ENGLEWOOD - We have all heard of stories of entire schools providing iPads for students to use in class. But, Englewood Public Schools has a bigger idea to give every student in every classroom in every school a digital edge.
"The single most powerful reason for doing this was that it puts in the hands of our kids, tools, they may not otherwise have," Karen Brofft, assistant superintendent, said.
Brofft knows that Englewood Schools serves a lot of low income families who don't always have access to laptops, smart phones, and tablets. She says that's why the school district spent $1.1 million to launch an district wide iPad initiative starting with all students from kindergarten to 8th grade this year.
"It probably will set us apart as one of those places where the entire district is able to implement it," Brofft said.
Students in summer school are already receiving their iPads. 7th Grader Matt Cogburn likes being part of an educational revolution.
"It makes it easier for me because I like using technology and stuff for learning," Cogburn said.
For teachers like Lisa Jackson, it means an evolution in teaching style.
"I'm going to have to learn to be a completely different type of teacher because it creates a whole new opportunity for me," Jackson said.
The iPads will not only allow students to download from a selection of 4,000 fiction and non-fiction books; Jackson says it creates a new dimension in the classroom of students using apps, creating videos, and performing exercises in critical thinking.
"What they are showing me right now is ways to solve math problems where on a piece of paper, that wouldn't happen as easily," Jackson said.
In her summer school class, students are creating a virtual lesson where they work out the math problems and explain to the iPad why they are performing the steps they are taking. It is all recorded and played back to the teacher and other students. Jackson says the iPads will allow her tailor her lessons to the different levels of her students.
"I can have, you know, Bob doing this activity and somebody else doing this activity and somebody else doing this activity," Jackson said.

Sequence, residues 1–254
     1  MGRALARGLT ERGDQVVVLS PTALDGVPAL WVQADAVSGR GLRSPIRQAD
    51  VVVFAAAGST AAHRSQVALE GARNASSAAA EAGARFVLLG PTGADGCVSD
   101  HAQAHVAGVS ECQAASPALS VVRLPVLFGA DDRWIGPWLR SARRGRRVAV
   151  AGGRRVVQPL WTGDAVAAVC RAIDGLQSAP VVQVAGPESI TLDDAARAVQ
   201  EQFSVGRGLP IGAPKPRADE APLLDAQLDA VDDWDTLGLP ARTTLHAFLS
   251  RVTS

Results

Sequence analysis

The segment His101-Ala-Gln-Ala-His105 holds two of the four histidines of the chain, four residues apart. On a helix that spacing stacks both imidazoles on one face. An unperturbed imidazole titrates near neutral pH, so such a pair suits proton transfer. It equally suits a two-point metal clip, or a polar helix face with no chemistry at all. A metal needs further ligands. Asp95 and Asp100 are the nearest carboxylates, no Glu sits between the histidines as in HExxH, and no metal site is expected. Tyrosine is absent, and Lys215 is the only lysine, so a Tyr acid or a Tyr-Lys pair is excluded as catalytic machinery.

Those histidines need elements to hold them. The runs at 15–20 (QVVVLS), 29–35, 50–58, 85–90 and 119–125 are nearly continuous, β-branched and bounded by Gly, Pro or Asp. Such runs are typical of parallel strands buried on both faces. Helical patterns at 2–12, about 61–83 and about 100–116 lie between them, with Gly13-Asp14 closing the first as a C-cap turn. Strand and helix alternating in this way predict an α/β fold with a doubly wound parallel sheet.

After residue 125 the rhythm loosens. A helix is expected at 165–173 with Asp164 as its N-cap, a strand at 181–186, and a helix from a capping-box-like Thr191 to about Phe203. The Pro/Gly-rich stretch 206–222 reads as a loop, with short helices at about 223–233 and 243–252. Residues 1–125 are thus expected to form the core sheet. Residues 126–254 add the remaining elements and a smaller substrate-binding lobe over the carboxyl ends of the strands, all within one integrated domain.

The district was able use bond money left over from a bond election approved 10 years ago specifically for technology. It also rearranged some current budgetary items to come up about $1 million in funds to purchase the iPads and other hardware needed for the transformation. The Morgridge Family Foundation also granted another $100,000 to support the program.
With kids as young as 5 years old handling the iPads - a big question is what happens if students break them or lose them.
"It's going to be kind of hard because I'm a little clumsy," Cogburn said. "It's just going to help kids not like break anything and like be more responsible about their stuff."
The district will create a self-insurance pool which families can pay into to replace or fix damaged of lost iPads. Brofft says the premiums families pay will be based on their income level. But, she says when the district piloted the iPad program at one its middle schools last year, the kids were not the problem.
"Our drops and breaks and losses have been the adults in the system," Brofft said.
Last year, the district also graduated its first "all-digital" student. Carly Sellaro gave up pen and paper for nearly her entire senior year. She worked solely off of her iPad. Brofft says her example was a catalyst to launching this iPad initiative this year.
"It really allowed us to see how important it was to move this directive much quicker than we had expected to," Brofft said.
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